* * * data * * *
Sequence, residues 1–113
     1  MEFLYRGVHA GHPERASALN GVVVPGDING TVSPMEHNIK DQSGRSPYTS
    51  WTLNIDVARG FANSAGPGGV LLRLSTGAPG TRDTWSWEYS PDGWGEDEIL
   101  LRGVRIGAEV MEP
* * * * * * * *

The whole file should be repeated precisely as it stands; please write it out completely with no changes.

Sequence, residues 1–113
     1  MEFLYRGVHA GHPERASALN GVVVPGDING TVSPMEHNIK DQSGRSPYTS
    51  WTLNIDVARG FANSAGPGGV LLRLSTGAPG TRDTWSWEYS PDGWGEDEIL
   101  LRGVRIGAEV MEP